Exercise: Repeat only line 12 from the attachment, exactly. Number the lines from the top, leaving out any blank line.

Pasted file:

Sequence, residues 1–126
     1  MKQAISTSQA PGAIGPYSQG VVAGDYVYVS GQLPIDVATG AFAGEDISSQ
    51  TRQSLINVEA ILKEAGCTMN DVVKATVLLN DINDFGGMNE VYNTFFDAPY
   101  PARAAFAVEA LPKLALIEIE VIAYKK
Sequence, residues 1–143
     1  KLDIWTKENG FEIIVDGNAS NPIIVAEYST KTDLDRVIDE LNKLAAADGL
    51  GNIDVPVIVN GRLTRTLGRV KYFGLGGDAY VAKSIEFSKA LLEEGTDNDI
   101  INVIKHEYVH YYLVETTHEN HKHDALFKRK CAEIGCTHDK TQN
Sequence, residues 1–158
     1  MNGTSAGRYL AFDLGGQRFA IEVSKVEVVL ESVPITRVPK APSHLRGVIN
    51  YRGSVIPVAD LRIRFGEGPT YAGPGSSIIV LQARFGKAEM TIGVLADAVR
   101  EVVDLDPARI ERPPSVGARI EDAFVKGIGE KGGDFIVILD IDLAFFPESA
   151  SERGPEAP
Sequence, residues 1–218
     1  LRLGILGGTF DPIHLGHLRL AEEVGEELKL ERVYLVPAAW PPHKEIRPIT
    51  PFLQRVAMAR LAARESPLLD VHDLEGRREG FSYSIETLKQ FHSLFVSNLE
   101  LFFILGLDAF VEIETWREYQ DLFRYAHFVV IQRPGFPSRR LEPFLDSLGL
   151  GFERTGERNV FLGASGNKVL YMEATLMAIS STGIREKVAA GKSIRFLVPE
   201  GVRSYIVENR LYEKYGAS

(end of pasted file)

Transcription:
   101  EVVDLDPARI ERPPSVGARI EDAFVKGIGE KGGDFIVILD IDLAFFPESA